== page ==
In 1999, the BOCC purchased about five acres of sloping property on Hot Springs Boulevard, across the street from what would eventually be the site of the Ross Aragon Community Center and the adjacent Pagosa Springs Town Hall. Some vague plans were made to build a new County administration building on that five-acre site — while a deed restriction prohibited the construction of a jail or justice facility on the property.
Perhaps as a result of that 1999 purchase, subsequent County budgets seemed to be constructed around the idea that the old Courthouse was eventually going to be abandoned, and didn’t deserve to be thoroughly maintained. Most certainly, there were no efforts by the BOCC to modernize or upgrade the old Courthouse to any noticeable extent. In particular, the West Wing suffered from constant roof leaks.
Eventually, the strange odors that seemed to originate in the West Wing caused the County to begin testing for indoor pollutants, but no pollutants were consistently identified. However, around this time, the BOCC bought a second-hand building on Lewis Street and relocated their own offices… out of the West Wing… in 2015.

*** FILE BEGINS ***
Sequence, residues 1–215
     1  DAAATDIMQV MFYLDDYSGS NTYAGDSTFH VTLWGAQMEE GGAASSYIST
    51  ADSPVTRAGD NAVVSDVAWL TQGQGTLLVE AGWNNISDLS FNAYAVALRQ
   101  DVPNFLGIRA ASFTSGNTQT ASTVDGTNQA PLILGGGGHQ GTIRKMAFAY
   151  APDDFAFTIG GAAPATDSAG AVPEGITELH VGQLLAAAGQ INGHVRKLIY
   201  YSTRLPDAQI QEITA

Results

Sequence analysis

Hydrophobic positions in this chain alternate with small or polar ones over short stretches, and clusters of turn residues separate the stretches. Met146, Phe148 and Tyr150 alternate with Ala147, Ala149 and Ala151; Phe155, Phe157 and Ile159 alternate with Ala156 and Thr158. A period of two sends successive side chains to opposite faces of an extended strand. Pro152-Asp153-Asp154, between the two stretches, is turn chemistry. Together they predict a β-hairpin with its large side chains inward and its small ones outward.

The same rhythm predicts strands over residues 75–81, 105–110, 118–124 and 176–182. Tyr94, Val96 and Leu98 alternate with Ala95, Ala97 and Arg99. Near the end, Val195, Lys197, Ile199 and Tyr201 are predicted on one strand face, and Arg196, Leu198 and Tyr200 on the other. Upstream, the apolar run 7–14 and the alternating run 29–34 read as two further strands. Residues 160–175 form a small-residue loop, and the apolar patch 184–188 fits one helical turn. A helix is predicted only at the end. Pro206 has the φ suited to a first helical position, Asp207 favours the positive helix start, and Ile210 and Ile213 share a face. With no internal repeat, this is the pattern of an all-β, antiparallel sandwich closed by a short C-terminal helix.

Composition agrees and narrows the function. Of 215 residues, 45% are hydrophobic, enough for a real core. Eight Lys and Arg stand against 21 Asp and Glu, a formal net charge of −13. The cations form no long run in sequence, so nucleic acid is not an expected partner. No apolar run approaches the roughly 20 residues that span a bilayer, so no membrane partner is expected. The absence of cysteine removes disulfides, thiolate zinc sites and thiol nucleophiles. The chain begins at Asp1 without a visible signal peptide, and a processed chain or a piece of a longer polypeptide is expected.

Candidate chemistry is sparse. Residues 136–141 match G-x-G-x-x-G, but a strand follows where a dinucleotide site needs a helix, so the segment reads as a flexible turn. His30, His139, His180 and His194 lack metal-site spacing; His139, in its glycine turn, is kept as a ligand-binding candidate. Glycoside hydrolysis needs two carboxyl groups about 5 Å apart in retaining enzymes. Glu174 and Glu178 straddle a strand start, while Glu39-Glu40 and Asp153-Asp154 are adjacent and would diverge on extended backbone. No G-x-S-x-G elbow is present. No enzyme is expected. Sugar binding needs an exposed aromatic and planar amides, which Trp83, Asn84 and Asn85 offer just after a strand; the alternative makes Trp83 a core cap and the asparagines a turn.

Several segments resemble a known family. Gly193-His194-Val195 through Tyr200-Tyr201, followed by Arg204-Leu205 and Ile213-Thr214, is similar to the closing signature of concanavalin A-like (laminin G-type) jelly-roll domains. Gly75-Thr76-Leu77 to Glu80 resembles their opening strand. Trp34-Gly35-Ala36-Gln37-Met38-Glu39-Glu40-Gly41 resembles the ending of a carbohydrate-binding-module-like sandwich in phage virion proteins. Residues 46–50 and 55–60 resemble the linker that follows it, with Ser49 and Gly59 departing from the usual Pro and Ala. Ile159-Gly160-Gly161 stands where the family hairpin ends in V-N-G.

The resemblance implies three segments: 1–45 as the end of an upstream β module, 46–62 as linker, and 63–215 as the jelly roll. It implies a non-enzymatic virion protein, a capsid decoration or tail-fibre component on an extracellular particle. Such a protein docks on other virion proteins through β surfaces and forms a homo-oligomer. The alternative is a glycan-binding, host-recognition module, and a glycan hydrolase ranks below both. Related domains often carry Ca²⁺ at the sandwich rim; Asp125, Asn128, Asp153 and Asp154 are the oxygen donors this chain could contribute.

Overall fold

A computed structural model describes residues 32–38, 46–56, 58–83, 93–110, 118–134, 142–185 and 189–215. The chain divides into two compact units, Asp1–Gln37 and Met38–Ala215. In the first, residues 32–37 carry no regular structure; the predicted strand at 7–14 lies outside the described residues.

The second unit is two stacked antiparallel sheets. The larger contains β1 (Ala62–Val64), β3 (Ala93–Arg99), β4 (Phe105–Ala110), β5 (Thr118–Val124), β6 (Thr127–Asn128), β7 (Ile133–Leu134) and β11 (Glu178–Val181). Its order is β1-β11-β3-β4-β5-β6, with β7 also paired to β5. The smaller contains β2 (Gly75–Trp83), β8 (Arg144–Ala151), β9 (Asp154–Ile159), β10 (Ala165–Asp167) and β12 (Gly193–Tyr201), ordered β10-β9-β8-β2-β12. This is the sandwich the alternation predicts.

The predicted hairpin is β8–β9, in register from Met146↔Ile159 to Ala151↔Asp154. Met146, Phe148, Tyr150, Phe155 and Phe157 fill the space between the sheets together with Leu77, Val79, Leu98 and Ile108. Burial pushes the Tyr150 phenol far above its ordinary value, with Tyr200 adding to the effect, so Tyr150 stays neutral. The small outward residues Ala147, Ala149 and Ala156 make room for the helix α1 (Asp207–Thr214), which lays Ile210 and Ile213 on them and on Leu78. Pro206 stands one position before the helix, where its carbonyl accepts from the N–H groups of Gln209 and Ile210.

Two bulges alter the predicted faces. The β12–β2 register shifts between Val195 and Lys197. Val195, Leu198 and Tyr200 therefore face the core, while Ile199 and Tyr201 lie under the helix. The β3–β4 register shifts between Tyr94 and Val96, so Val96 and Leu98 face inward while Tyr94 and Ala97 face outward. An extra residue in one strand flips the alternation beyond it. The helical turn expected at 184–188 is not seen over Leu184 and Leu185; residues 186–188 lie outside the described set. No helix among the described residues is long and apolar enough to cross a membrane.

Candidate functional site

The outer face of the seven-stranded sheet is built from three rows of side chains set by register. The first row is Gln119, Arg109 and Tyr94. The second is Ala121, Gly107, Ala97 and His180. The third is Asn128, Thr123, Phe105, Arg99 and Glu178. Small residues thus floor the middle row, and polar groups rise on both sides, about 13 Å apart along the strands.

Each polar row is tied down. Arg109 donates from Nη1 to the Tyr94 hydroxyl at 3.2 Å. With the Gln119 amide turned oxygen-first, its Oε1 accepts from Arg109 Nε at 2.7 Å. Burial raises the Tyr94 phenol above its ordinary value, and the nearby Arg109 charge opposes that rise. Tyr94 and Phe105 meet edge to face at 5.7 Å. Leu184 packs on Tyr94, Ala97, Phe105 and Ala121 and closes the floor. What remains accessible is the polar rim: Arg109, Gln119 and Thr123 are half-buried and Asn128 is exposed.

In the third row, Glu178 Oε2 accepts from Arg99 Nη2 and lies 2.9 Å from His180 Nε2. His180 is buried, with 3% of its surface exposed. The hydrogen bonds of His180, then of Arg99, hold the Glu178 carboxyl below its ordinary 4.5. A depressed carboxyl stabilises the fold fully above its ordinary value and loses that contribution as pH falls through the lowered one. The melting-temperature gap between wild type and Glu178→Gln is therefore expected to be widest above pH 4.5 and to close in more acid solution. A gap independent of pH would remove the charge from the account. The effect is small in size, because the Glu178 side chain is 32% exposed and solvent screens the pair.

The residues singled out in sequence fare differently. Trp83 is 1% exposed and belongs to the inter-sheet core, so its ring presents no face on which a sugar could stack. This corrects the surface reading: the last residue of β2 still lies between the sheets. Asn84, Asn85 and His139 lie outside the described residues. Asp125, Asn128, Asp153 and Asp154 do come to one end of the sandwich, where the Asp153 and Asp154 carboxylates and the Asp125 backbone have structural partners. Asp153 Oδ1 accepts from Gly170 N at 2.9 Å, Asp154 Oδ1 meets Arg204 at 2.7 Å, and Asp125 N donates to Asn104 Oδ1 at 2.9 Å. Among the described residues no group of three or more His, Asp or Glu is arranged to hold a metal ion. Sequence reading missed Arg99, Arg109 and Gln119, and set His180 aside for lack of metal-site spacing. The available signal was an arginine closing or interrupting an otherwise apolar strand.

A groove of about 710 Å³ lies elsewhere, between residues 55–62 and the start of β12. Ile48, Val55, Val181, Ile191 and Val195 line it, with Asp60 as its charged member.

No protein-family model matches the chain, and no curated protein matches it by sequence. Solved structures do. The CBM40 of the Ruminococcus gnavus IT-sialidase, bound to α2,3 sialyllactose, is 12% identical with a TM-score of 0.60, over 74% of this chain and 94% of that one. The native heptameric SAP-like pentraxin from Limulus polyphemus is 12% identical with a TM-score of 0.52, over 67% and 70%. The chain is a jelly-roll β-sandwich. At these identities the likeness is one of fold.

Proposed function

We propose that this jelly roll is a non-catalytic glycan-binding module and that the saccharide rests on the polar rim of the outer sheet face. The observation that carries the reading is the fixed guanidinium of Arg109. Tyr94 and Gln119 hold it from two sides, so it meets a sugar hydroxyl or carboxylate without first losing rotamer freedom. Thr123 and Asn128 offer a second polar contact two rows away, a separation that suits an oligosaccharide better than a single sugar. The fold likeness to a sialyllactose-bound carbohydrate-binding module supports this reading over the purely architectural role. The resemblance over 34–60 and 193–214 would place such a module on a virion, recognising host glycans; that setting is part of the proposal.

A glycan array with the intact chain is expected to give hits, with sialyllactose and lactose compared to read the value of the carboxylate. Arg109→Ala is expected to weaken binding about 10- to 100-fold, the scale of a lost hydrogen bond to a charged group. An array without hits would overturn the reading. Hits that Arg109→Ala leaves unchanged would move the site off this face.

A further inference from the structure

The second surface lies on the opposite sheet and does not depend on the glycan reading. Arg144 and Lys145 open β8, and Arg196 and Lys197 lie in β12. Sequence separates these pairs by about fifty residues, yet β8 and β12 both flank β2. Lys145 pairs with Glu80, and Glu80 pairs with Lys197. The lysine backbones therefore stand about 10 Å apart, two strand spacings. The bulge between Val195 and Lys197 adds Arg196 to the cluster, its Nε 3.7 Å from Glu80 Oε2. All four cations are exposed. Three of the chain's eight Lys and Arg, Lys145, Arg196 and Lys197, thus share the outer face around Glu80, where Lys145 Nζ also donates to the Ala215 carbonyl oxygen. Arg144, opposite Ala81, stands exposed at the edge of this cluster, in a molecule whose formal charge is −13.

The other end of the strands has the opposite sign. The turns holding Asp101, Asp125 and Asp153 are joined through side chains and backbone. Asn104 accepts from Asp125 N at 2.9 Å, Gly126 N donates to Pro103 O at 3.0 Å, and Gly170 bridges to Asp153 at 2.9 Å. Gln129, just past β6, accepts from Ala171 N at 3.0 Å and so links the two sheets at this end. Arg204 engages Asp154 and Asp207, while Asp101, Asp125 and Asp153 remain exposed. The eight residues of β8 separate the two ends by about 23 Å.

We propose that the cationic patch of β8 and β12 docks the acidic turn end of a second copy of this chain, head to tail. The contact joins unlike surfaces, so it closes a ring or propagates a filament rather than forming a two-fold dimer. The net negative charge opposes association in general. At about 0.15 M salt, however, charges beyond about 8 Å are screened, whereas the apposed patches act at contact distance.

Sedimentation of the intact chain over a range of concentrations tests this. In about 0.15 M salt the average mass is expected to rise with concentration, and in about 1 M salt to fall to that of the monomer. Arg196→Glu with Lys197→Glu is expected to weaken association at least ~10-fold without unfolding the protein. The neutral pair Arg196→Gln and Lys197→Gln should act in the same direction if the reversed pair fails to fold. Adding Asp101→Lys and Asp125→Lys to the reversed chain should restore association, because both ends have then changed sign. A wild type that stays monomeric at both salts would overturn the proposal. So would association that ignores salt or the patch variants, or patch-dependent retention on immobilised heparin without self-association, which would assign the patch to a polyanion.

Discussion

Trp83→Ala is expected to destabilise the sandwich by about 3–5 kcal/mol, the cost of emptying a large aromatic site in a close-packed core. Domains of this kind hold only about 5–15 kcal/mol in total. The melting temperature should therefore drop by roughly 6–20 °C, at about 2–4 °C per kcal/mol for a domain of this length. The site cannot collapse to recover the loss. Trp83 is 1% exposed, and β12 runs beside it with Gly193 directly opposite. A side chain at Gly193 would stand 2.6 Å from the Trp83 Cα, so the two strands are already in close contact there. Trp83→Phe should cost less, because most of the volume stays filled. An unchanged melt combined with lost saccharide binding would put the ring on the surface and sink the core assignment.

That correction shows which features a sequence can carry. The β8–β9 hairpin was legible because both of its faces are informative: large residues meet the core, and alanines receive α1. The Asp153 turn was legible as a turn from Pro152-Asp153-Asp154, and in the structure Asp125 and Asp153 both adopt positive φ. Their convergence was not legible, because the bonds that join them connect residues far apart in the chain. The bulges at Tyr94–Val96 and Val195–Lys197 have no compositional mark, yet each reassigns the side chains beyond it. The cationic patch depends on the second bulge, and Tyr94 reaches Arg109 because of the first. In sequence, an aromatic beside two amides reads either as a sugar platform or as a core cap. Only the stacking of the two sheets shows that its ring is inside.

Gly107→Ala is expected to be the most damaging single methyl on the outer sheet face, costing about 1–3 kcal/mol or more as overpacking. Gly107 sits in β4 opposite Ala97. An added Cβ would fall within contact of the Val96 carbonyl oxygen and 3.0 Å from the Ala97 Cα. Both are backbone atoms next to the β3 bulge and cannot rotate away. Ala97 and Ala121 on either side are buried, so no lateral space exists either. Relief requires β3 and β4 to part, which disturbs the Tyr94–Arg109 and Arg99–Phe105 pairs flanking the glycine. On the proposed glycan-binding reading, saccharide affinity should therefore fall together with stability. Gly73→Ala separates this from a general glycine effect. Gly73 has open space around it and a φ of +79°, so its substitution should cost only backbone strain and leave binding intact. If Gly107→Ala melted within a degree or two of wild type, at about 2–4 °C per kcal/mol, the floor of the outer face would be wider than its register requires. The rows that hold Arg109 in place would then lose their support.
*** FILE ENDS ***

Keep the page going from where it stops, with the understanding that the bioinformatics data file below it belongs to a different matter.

Also in 2015, the BOCC finally decided to repair the roof on the jail, but a severe rainstorm took place in the midst of that roof repair, and subsequent flooding inside the detention center ruined some of the jail’s electronic equipment. Strange odors continued to plague the occupants of the West Wing, and the Sheriff moved his staff to new quarters… and then moved back into the West Wing… and then moved out again this past September.
Also in September, the Sixth Judicial District — frustrated with a shortage of space and with a County government that had spent two decades refusing to invest in the old Courthouse — used the presence of unidentified odors and the lack of maintenance as an excuse to abandon the building, and to move all its operations to La Plata County. That “emergency move” might, however, be a violation of state laws that require the courts to maintain a presence in each Colorado county.
It now appears that the Judicial District is planning to locate a few of its staff members in Archuleta County, at some as-yet-unidentified location.
It also appears that the BOCC is preparing to file a lawsuit to compel the Judicial District to re-occupy a Courthouse that has essentially been allowed to rot since 1999… but that also might — now, finally — see an investment of taxpayer funds to bring the indoor environment up to 2018 standards?